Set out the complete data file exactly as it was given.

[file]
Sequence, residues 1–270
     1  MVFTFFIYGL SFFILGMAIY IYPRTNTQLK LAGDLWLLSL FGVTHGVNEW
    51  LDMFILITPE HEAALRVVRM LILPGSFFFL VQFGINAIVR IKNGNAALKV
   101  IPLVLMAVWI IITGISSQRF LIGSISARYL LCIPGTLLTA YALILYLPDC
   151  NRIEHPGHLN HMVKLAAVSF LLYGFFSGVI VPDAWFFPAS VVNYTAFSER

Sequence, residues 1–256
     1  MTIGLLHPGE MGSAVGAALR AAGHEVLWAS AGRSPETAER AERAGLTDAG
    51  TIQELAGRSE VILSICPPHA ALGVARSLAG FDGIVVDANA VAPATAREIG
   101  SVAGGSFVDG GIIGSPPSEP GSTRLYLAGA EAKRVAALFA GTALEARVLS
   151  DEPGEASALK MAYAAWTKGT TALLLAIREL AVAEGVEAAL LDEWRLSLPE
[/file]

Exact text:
Sequence, residues 1–270
     1  MVFTFFIYGL SFFILGMAIY IYPRTNTQLK LAGDLWLLSL FGVTHGVNEW
    51  LDMFILITPE HEAALRVVRM LILPGSFFFL VQFGINAIVR IKNGNAALKV
   101  IPLVLMAVWI IITGISSQRF LIGSISARYL LCIPGTLLTA YALILYLPDC
   151  NRIEHPGHLN HMVKLAAVSF LLYGFFSGVI VPDAWFFPAS VVNYTAFSER

Sequence, residues 1–256
     1  MTIGLLHPGE MGSAVGAALR AAGHEVLWAS AGRSPETAER AERAGLTDAG
    51  TIQELAGRSE VILSICPPHA ALGVARSLAG FDGIVVDANA VAPATAREIG
   101  SVAGGSFVDG GIIGSPPSEP GSTRLYLAGA EAKRVAALFA GTALEARVLS
   151  DEPGEASALK MAYAAWTKGT TALLLAIREL AVAEGVEAAL LDEWRLSLPE